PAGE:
In death, Orton exacted revenge on his nemesis. Reputedly born around 1898, Banda’s cognitive capabilities were in terminal decline. On 12 June 1993, Nigeria voted in elections to return the country to democratic rule after a decade of military rule. Two days later, Malawians similarly voted overwhelmingly at the end of tortured advocacy to end single-party rule. In Nigeria, the military nullified the vote, extending its rule by another six years. In Malawi, the outcome stood and in elections the following year, citizens toppled Banda’s MCP, replacing him with Bakili Muluzi of the United Democratic Front (UDF).
Under President Muluzi, the country took steps to reinstate the rule of law, reform the Traditional Courts, integrate them into the infrastructure of the lower magistracy and update the skills of former traditional court judges through suitable training. In the judiciary, the task of spearheading this reform then fell upon two young judges, Andrew Nyirenda and Rizine Mzikamanda.
As his tenure wound to an end at the beginning of the millennium, President Muluzi thought himself indispensable and sought to extend his tenure, pitting him in a battle of wits with the judiciary, which eventually ruled that being term-limited made him ineligible to run again. In this battle, the judiciary was strengthened by the popular support of citizens wizened by years under the Ngwazi.
In 2004, Professor Bingu wa Mutharika succeeded Muluzi. When Bingu died suddenly of a suspected infarction in April 2012, his younger brother, Peter, an American law professor for over three decades, who was also foreign minister, sought to engineer a departure from the constitution in order to by-pass the vice-president, Joyce-Banda, and install himself president.
Despite failing in this machination, Peter inherited his late brother’s political infrastructure and, in 2014, got himself elected president in succession to President Joyce Banda, whose effort to nullify this outcome was foiled by the courts. In 2019, Mutharika sought re-election and, knowing that he lost, got the electoral commission to TipEx enough results to announce him winner. In February 2020, the Constitutional Court invalidated that declaration.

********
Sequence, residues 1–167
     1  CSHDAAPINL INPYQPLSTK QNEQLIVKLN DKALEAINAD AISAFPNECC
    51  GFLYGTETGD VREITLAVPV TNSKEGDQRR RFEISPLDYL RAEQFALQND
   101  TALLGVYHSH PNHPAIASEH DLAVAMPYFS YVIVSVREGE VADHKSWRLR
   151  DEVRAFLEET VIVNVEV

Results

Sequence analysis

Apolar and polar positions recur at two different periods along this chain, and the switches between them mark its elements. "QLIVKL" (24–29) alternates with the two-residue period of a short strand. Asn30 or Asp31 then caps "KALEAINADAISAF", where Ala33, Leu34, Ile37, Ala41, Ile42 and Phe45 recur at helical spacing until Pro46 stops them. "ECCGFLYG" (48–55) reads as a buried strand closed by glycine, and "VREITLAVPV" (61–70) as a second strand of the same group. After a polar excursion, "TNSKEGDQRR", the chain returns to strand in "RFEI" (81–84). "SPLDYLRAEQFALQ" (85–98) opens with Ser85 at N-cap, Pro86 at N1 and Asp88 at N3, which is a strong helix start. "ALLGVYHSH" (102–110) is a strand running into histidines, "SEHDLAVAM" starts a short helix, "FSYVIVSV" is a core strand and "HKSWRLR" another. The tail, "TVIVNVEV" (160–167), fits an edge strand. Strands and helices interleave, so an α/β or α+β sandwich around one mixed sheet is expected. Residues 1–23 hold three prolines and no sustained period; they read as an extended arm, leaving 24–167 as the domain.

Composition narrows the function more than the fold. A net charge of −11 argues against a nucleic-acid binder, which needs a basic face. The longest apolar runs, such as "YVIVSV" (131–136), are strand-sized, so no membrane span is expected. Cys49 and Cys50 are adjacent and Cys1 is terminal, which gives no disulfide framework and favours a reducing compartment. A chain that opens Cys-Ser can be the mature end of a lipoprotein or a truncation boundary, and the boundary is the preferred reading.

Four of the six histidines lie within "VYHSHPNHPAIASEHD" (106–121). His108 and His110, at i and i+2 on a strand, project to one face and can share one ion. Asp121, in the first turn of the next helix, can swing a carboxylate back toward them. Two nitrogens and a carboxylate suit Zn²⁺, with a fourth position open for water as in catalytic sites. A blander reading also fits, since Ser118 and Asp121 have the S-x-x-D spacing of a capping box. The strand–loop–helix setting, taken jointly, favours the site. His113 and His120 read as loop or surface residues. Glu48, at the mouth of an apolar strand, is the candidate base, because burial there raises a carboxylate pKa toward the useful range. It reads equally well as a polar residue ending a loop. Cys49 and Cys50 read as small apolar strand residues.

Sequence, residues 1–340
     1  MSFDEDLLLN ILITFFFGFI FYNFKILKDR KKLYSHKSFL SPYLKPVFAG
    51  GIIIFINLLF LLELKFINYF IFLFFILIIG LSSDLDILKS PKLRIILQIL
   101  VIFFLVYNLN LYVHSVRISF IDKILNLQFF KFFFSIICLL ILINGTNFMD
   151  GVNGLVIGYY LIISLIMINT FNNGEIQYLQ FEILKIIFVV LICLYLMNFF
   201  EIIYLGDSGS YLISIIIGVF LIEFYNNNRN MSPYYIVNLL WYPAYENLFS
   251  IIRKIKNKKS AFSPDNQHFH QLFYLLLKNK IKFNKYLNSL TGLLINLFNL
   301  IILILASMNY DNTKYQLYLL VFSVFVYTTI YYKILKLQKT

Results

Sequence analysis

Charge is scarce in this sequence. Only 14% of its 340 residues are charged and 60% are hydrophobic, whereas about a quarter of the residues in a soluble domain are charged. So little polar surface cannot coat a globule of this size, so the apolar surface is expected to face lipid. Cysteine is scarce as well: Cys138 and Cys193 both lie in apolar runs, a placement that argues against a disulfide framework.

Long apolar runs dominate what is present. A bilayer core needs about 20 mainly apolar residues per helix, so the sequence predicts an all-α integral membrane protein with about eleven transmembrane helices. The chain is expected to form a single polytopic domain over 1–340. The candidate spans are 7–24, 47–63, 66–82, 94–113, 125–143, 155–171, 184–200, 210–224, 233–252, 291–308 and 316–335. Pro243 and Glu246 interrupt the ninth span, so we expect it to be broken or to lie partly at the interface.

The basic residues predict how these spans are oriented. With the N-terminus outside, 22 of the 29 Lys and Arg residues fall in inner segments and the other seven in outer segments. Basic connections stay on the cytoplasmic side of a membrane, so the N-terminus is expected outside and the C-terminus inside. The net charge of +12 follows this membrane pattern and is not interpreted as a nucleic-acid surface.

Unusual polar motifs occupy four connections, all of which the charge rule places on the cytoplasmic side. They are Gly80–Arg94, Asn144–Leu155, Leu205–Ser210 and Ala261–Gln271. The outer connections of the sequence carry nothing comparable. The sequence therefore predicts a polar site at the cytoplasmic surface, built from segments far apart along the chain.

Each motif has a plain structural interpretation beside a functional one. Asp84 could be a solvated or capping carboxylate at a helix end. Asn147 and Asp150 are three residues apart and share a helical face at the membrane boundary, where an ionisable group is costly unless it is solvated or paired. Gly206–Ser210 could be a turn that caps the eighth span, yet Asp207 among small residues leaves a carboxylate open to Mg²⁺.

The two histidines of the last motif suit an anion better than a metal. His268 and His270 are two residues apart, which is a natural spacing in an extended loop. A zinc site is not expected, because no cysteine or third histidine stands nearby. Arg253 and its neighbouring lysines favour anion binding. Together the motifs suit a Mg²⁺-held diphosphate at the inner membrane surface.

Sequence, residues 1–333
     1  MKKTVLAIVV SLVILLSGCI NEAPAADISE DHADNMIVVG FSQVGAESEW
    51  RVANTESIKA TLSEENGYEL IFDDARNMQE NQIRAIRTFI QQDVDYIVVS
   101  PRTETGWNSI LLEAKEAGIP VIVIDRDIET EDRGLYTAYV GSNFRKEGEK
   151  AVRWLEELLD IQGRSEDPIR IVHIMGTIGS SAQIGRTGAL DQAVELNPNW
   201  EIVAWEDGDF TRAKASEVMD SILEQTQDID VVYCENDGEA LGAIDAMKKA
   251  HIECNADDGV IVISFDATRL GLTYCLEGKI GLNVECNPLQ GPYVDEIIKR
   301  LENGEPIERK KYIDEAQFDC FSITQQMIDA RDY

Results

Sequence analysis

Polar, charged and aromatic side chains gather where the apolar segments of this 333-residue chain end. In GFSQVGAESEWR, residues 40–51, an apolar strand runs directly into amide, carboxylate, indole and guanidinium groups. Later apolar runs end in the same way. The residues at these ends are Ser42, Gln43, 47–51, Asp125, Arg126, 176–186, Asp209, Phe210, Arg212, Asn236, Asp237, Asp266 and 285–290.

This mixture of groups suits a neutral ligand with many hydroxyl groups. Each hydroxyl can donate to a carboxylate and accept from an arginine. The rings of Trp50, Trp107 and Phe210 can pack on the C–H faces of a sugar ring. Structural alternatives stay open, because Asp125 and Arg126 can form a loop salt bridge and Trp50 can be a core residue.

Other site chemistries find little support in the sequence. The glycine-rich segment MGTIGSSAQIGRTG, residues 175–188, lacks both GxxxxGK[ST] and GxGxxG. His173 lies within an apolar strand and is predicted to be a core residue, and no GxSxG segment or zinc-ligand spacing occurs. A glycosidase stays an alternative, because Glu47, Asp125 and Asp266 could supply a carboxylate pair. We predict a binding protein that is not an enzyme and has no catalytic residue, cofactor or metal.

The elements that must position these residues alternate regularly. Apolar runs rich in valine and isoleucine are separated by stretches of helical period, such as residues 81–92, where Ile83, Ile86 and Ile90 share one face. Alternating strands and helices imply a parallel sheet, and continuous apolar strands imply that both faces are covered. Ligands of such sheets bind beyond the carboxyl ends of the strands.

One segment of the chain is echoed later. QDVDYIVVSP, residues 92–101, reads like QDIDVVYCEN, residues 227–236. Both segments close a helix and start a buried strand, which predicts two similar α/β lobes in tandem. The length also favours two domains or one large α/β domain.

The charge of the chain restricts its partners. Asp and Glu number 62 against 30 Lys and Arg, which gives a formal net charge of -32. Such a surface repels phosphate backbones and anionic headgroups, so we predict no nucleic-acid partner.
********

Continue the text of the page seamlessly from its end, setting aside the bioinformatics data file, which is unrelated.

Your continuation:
The year after taking power, in 2015, President Peter Mutharika appointed Justice Andrew Nyirenda as Chief Justice of Malawi. It fell to Nyirenda’s Supreme Court to affirm in May 2020 that the election organized by the president that appointed him as chief justice was too flawed to be lawful. On 8 May 2020, they ordered a re-run.
Ahead of national elections in 2019, Nigeria’s President, Muhammadu Buhari, compulsorily retired then-Chief Justice Walter Onnoghen, whose fate was buried by the selfish ambitions of his own judicial colleagues.
In Malawi, by contrast, believing that he needed a more pliable court, President Mutharika sought on June 12, 2020, to oust Chief Justice Nyirenda and his next in line, Justice Edward Twea. In response, Malawi’s citizens blockaded the streets and the courts restrained a desperate president. Two weeks later, the citizens delivered the coup de grace, ousting President Mutharika in the re-run. When he retired in 2021 as chief justice, Andrew Nyirenda became a judge of the IMF Administrative Tribunal. His successor as the chief justice was Rizine Mzikamanda.
In Malawi, the citizens learned the hard way that the judiciary is ordinarily a weapon in the hands of the powerful, that judges are not born independent; and that judicial independence is fought for not donated.
Courts and the judges who sit in them are liable to suffer elite weaponisation in any country in which citizens are unwilling to provide judges with political support to enable them to strategically defect from the status quo.
Malawi’s politicians, having learnt that this kind of judiciary